Preventing and Responding to Workplace Domestic Violence
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We have outlined 4 action areas to help you build an effective prevention program for workplace domestic violence. The actions listed are not in order. You will want to undertake some of these actions at the same time.
This check list can help you improve workplace safety and build a work place that supports those affected by violence. Remember you will always have to adapt your response to individual needs and incidents.
Create a firm foundation
- Gather an inter-disciplinary team of key specialists and stakeholders. This can include senior management, human resources, security, unions, joint health & safety committee, legal counsel, and EAP. This team can plan, coordinate and streamline the process.
- Build a workplace audit to identify what you have, what you can adapt and what you need to put together to be effective.
- Create a clear policy to addresses domestic violence. You may want to update your current policies.
Develop a framework of awareness and understanding
- Inform staff about domestic violence and how it affects the workplace. Talk about the role of co-workers, managers and union reps.
- Train staff to recognize, respond and refer when domestic violence enters the workplace.
- Communicate with staff so that they know about your workplace violence and domestic violence program. Let them know how they can access resources and get involved.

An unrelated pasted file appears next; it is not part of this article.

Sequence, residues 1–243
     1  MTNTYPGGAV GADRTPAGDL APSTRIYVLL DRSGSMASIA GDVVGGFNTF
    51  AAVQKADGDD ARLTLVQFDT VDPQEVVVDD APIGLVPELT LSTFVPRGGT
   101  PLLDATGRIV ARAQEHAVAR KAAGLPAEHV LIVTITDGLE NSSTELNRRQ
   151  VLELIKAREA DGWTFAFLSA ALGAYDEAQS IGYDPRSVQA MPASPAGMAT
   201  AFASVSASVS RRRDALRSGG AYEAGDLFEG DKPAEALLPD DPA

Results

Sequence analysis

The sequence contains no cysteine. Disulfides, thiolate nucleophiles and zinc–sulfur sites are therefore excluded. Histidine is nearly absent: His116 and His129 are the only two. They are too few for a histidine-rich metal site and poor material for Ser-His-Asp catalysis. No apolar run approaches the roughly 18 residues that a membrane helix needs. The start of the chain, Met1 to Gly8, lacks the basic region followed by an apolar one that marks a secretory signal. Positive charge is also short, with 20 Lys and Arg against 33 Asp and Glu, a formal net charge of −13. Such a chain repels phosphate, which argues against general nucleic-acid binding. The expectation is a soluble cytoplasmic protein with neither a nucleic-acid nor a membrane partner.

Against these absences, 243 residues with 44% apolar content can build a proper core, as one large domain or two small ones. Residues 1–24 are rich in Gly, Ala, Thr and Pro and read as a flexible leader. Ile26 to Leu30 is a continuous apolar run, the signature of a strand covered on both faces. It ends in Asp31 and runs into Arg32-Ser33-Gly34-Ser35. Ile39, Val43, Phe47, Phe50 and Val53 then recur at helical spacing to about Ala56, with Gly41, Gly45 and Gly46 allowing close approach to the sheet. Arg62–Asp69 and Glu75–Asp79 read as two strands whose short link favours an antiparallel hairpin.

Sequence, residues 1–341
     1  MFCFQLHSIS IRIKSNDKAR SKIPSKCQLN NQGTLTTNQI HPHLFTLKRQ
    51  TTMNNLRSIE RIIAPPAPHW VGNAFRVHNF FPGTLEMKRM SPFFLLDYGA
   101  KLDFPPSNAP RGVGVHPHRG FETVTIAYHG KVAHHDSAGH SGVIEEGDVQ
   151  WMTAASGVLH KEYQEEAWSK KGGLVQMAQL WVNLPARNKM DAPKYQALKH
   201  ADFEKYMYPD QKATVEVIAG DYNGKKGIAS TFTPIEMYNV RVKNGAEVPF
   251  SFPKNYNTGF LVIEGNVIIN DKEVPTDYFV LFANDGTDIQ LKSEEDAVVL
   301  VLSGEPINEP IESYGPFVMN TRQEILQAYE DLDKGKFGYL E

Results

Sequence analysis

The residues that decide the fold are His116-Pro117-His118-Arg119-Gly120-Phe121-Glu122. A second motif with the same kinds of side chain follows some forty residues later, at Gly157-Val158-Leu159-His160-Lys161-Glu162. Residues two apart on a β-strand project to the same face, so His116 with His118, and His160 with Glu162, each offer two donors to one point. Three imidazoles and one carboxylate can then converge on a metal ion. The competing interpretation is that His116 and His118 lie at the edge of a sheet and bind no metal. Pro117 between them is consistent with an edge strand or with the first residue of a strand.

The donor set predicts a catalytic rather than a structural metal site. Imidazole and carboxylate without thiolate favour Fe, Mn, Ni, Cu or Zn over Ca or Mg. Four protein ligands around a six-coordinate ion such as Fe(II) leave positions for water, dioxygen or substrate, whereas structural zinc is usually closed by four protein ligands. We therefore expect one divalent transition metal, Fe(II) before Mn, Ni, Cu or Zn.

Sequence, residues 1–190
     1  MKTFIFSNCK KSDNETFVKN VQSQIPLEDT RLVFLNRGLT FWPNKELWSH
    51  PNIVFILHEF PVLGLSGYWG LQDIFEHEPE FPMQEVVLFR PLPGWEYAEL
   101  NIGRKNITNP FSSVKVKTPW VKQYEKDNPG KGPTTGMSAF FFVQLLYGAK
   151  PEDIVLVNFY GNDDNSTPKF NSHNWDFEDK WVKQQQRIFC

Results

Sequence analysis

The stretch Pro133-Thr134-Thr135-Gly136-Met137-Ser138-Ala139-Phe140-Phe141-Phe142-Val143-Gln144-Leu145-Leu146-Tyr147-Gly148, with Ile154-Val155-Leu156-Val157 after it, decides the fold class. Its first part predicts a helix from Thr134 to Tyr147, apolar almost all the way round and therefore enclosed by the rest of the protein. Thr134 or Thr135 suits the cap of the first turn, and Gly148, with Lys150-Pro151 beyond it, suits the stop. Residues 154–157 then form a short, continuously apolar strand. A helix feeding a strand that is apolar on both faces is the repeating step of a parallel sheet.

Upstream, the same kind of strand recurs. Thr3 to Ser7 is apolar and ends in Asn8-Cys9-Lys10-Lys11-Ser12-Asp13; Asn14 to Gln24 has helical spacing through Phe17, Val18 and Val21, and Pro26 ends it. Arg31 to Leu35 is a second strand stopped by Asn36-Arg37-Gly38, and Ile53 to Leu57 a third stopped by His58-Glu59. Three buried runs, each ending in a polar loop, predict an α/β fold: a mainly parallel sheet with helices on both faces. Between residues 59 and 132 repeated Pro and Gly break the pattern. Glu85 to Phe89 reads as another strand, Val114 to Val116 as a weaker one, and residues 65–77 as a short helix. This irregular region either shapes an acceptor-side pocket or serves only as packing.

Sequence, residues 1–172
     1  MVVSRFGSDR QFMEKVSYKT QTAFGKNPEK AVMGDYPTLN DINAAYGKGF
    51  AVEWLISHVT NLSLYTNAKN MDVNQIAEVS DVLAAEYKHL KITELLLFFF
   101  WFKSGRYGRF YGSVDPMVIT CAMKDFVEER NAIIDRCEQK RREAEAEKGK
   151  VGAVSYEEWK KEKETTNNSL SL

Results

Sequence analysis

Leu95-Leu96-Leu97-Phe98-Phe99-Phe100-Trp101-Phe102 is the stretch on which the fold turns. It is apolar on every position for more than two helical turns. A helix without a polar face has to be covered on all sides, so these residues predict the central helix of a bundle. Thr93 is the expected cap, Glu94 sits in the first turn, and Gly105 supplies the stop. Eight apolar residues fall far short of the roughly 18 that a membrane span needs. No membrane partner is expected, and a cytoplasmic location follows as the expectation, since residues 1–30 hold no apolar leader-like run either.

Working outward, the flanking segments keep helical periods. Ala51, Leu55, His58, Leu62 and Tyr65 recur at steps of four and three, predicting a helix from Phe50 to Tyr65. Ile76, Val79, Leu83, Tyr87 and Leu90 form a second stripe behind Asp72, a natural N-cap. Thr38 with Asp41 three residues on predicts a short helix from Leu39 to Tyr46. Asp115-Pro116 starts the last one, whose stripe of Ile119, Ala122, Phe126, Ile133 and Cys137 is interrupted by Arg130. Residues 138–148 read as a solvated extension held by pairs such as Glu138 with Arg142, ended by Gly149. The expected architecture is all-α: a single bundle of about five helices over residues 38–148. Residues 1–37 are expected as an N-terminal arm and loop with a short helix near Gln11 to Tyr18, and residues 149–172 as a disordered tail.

- Conduct a hazard and risk assessment that includes employee surveys.
Build a response for each case
- Include disclosure and confidentiality principles and procedures
- Develop protocols to deal with protection orders that include the workplace
- Allow staff to have flexible workplace arrangements (for example, changing a worker’s work schedule, location, and coming and going options)
- Create security measures (like safety planning, emergency procedures and critical incident management)
- Create protocols and resources for threat, risk and hazard assessments
- Create protocols and resources for investigating and resolving concerns and complaints
- Keep records and monitor the workplace
Build for long-term success
Include disclosure and confidentiality principles and procedures:
- a workplace culture that takes domestic violence seriously. This means having buy-in from senior management, and effective workplace safety programs, based on clear policies. You also need to do a hazard and risk assessment, before any incident occurs. Include policies on the important role of bystander involvement. Build progressive human resources policies that give staff flexible work arrangements and offer employee assistance programs (EAP).
- community links to give you access to experts.
- a regular program review and evaluation. This will help you build your program and keep it up to date.